New report highlights fate of children and young people brought up in the UK but unable to secure permanent status
This is my home, a new report by Coram Children’s Legal Centre, highlights the fate of hundreds of thousands of children and young people who, despite having been brought up in the UK, are trapped in precarious situations because they are unable to secure permanent status in the UK.
Highlighted in Channel 4 Dispatches programme ‘Brexit – How To Get a British Passport’, CCLC’s report explores the challenges on young people’s lives of living with uncertain immigration status and the impact on this group of children.
Approximately 120,000 children in the UK are undocumented, 65,000 of whom were born here. Without documentation, a young person cannot work, open a bank account or access sources of support such as housing, and is cut off from college and university. They are left vulnerable to poverty and at risk from exploitation.
Obstacles to children achieving permanent status which This is My Home highlights include lack of free and quality legal representation, unaffordable application fees with very limited fee waivers, and complex law and policy.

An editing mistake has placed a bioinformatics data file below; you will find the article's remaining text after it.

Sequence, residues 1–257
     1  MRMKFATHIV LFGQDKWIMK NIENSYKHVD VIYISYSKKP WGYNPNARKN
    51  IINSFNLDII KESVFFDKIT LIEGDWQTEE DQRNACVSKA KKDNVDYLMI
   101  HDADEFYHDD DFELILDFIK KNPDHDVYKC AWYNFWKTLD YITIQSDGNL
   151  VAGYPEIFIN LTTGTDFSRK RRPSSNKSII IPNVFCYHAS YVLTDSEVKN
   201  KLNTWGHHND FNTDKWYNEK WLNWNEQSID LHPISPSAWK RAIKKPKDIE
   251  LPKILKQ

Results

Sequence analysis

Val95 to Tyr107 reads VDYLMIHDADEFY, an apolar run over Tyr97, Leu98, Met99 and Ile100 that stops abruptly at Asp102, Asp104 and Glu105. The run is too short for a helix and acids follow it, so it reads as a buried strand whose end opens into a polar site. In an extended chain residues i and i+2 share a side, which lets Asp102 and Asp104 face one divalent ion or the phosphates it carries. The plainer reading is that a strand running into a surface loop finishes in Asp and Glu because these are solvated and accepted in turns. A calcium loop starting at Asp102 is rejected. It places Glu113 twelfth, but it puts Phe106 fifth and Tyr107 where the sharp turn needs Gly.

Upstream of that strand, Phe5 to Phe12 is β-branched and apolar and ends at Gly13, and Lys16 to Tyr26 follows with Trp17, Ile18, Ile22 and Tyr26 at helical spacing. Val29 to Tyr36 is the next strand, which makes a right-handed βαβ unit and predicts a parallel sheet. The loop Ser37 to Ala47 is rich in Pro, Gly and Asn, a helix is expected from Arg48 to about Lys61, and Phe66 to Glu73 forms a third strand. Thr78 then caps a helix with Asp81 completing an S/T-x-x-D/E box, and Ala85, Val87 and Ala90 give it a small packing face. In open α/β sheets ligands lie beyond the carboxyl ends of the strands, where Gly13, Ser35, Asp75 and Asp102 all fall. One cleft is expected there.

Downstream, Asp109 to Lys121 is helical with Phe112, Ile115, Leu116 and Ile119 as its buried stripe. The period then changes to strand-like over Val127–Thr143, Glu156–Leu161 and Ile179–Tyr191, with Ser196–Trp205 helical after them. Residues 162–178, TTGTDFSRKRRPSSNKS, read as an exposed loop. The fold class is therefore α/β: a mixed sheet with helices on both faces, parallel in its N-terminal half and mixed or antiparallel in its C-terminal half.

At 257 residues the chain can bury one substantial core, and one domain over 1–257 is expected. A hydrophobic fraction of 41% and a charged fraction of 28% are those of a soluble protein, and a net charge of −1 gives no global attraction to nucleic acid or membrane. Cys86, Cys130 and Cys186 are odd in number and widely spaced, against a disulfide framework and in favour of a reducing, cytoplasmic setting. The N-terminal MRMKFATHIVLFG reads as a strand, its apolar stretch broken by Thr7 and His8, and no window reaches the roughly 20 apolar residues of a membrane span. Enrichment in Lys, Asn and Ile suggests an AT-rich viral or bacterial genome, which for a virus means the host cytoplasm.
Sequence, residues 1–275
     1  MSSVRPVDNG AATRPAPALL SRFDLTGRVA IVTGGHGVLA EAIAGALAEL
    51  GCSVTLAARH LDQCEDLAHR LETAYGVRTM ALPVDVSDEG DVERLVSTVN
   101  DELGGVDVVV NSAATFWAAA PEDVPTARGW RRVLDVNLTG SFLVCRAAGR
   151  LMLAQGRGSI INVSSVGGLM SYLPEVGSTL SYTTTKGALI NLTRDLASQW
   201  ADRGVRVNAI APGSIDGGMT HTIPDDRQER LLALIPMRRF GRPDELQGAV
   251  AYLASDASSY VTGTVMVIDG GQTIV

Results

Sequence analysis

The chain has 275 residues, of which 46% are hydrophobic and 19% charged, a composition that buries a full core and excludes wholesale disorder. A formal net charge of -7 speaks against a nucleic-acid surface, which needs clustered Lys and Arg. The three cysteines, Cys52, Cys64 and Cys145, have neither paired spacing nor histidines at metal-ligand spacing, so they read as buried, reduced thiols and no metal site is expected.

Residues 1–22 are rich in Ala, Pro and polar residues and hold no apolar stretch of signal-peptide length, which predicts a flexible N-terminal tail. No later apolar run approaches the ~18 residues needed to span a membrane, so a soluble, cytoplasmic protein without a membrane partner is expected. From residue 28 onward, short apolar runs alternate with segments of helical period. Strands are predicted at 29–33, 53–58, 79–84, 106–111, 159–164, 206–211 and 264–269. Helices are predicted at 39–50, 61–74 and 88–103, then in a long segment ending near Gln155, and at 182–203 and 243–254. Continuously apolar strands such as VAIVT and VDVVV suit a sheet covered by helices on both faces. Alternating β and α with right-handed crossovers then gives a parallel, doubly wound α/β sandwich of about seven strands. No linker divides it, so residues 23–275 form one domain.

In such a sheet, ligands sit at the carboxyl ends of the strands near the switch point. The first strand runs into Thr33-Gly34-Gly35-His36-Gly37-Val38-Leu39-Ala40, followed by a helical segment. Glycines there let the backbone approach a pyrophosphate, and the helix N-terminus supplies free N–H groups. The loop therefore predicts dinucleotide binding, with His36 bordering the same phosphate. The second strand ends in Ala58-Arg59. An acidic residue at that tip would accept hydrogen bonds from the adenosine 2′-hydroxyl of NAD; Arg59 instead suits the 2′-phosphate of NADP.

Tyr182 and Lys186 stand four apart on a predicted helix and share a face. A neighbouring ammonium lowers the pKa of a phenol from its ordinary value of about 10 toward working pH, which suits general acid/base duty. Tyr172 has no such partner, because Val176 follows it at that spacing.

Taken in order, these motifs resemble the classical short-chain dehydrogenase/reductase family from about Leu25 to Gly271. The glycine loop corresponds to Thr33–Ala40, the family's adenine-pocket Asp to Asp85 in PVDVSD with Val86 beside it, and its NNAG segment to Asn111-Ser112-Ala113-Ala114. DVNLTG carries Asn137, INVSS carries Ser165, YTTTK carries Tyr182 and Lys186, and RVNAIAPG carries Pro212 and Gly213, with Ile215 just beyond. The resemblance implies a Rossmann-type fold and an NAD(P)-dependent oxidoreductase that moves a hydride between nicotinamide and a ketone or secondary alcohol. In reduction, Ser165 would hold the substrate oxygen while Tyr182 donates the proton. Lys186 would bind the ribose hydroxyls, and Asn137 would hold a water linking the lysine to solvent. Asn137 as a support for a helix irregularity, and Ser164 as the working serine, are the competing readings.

The report’s author and CCLC’s Head of Policy and Programmes, Kamena Dorling, said:
Thousands of undocumented children and young people will have grown up in the UK, have been educated here, and will think of themselves as British. Even if they manage to make an immigration application, they will usually only be granted two and a half years leave and will have to wait ten years before they can apply for indefinite leave to remain.
During this period they have to make five further applications, and face over £8,000 in fees and charges, while living in a state of insecurity. They are prevented from legally participating in and contributing to the communities in which they live and, in many cases have lived, all their lives.
Recommendations to improve the lives of undocumented children and young people outlined in This is My Home include:
- A shorter route to permanent status for long resident children and young people and lower application fees
- Better Home Office decision making on children and young peoples’ long residence cases in line with established law
- An urgent review of children and young people’s needs for legal services and at least the reinstatement of legal aid for separated children’s immigration status
- Information for social workers and improved local authority practice through training and designated social care leads.